Navisworks clash deep dive 2: false-positives

Navisworks clash deep dive 2: false-positives

False-positive clashes can be a headache on BIM projects. This article explains how to remove them prior to generating your Navisworks reports.

In a previous post, we discussed the correct configuration for Navisworks clash detective. After setting it up, the next crucial step is to know how to remove and minimise false-positive clashes. Although Navisworks clash detective can be a very useful resource, it can also create trouble if we do not know how to properly interpret or filter the results. It is therefore paramount to rationalise the clash report tests in order to exclude (remove) ‘false’ clashes.

Clash rules to remove false-positives in Navisworks

Clash rules can allow you to ignore (discard) clashes that either you are not currently interested in, are not real clashes, or are issues with ‘unfinished’ work, which you will review in a later stage. Let us explore in more detail each of the pre-defined rules that can help us minimise false-positive clashes.

Ignore items in same layer

This will ignore any clashes between objects on the same layer as the current selection. For example, it can be useful if you want to ignore clashes on the same level within a Revit file.

Ignore items in same group/block/cell

This will remove false-positive clashes in Navisworks between objects in the same group, block or cell as the selection. A group can, for example, be a block definition from AutoCAD files or cell definition from MicroStation files. This can be useful if you want to ignore clashes on the same block e.g. a lighting column, which may be shown as clashes in the Navisworks detective because they are touching each other, but they are actually part of the same building element.

Ignore items in same file

This will ignore items within the same file, so if your model contains multiple CAD files and you simply want to check for clashes against other files then select this option. It can be used when you are assuming that a file will be self-clashed in the future. For example, you want to check your Level 2 mechanical file that is currently incomplete, against the structural work. This will ignore any clashes within that mechanical file.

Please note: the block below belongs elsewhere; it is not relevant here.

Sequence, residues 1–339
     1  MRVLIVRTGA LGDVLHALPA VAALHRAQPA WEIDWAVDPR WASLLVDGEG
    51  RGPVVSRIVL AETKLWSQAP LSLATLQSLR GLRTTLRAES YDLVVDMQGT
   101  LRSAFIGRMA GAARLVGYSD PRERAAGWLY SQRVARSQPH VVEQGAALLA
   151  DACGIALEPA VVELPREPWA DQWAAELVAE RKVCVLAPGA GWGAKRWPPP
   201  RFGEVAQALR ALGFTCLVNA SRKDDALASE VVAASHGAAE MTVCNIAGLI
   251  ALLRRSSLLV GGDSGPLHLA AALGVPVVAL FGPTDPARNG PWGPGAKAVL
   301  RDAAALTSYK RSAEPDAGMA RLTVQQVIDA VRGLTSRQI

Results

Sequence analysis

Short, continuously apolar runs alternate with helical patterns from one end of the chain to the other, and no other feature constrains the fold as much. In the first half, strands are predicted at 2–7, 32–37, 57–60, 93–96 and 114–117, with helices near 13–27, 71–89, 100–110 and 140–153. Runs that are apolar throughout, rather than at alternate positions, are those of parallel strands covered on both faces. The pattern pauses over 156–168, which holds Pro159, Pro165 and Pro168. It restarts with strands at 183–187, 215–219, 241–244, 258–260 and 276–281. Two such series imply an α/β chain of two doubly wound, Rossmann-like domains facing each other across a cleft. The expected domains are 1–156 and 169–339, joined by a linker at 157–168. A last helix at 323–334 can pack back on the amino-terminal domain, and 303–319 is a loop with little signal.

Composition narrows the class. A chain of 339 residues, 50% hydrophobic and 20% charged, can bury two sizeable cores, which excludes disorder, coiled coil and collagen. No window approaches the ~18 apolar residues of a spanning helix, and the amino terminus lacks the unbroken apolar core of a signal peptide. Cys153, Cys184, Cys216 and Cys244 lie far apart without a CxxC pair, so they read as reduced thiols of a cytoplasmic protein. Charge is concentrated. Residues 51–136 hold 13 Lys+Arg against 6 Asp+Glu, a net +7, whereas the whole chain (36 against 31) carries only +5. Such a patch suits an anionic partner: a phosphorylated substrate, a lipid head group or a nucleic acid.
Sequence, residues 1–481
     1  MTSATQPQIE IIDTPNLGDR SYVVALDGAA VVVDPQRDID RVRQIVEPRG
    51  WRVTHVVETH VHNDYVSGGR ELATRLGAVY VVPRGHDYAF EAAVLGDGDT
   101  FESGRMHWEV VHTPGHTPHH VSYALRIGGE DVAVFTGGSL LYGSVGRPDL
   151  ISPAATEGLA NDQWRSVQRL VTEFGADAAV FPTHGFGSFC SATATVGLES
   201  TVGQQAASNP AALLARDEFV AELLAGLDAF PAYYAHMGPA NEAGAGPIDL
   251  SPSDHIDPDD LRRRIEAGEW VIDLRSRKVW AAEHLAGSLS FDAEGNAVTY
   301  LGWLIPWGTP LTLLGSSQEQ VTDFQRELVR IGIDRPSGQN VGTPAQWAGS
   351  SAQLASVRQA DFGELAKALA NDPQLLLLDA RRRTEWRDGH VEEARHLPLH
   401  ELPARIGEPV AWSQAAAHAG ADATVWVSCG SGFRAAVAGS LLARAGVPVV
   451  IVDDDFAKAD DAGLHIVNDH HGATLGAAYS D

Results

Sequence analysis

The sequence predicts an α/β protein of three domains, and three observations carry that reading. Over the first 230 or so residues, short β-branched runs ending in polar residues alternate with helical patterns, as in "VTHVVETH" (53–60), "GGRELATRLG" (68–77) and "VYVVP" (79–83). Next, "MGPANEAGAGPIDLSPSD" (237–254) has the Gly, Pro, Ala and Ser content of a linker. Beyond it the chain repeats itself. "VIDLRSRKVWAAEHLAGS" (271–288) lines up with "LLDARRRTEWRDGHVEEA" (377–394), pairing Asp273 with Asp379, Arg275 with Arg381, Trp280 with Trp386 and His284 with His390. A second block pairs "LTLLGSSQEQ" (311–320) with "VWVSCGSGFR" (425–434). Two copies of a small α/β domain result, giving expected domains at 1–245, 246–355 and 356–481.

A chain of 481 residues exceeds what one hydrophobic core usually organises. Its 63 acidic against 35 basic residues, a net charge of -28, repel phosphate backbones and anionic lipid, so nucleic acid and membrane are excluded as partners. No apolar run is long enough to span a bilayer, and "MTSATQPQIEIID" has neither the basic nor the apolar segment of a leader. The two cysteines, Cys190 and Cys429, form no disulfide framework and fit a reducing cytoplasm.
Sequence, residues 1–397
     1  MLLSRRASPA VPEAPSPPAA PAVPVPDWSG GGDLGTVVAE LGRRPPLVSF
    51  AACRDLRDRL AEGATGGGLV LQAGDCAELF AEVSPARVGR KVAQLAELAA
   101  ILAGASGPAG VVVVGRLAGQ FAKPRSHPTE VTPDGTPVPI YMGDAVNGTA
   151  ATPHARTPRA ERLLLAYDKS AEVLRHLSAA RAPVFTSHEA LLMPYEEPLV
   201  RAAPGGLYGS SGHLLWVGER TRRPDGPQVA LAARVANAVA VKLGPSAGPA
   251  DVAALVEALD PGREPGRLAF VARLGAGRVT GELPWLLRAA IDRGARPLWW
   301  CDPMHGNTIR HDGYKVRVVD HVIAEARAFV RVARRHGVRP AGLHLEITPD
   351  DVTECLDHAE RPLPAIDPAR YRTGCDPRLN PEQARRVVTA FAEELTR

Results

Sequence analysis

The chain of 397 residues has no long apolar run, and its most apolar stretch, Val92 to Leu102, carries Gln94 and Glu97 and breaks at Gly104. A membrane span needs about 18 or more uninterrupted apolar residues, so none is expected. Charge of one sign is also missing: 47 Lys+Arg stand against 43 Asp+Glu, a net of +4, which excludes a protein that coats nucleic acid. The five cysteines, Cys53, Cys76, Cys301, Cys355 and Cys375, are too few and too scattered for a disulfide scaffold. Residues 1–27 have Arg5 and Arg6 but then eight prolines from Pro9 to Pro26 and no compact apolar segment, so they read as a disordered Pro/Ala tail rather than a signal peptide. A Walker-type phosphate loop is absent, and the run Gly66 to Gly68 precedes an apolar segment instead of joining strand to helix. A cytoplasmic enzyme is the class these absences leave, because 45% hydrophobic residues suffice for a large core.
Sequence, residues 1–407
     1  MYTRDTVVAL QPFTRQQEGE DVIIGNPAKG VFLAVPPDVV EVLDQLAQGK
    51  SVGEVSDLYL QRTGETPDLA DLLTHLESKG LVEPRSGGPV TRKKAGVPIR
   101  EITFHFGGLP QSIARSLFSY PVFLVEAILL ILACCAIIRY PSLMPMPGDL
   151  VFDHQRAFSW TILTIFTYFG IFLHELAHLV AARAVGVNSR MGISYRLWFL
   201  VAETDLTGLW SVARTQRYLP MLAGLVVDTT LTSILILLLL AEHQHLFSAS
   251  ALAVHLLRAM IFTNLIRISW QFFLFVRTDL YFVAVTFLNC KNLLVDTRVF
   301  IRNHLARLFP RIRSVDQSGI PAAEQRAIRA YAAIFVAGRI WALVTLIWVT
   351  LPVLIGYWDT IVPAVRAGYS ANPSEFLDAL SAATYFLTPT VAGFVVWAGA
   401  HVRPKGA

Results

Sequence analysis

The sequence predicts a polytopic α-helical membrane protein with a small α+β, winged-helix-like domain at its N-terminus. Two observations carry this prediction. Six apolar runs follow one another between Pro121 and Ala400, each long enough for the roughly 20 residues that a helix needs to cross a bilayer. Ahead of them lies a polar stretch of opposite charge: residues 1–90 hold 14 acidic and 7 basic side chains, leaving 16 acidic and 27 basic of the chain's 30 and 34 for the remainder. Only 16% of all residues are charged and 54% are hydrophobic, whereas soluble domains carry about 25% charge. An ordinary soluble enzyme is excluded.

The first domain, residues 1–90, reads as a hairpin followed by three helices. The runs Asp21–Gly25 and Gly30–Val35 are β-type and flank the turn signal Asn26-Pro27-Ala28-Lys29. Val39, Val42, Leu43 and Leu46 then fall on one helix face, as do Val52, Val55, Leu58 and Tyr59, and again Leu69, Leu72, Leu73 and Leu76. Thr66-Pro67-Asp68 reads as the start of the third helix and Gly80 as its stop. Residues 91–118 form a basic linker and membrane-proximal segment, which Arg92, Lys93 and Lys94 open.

Ignore items in same composite object

A composite object is a group of geometry that acts as a single object in the Selection Tree in Navisworks. For example, a window object might be composed of a frame and a pane, or a cavity wall may be made of several layers. This rule would ignore any clashes between the two parts of the same object. For example, the window pane and the frame parts of the model may touch or overlap. This rule would ignore clashes between them.

Ignore items in previously found pair of composite objects

This is one of the most useful rules to reduce and remove false-positive clashes in Navisworks. Whereas ‘ignore Items in the same composite object’ will ignore clashes between parts of a single object, this rule will ignore multiple clashes between different composite objects. For example, if you have a window and pane composite object and a cavity wall composite object, this will report a single clash between the window and the wall rather than multiple clashes between the window frame and the leaves of the wall and vice versa.

Ignore items in coincident snap points

This covers any items found clashing that have snap points that coincide. For example, pipe runs and fittings that have snap points at the end of centre lines. Navisworks will draw a cylinder as a series of triangles to improve performance. Depending on the faceting factor of the cylinder, some of the triangles may clash with each other, even if the pipe or fittings would fit snuggly if they were drawn accurately and completely round.

By knowing how the pre-defined clash test rules work, we can select the ones that will help us eliminate or minimise the false-positive clashes. In a well-designed, coordinated BIM model, by ticking the right rules, we can reduce the reported clashes from a few thousand to just a couple of hundred. Talking from experience, we tested the effectiveness of these clash rules and went from over 3,000 clashes to just 300 clashes in one of our new build construction projects. So around 90% of the initial clashes reported by Navisworks were ‘false-positive’. Now that we know how to use the pre-defined rules, we can save significant time in our BIM projects and focus on solving the real clashes.

Have you got any questions about removing false-positive clashes? Ask us in the comments below and we will be happy to help!

Leave a Reply

Close Menu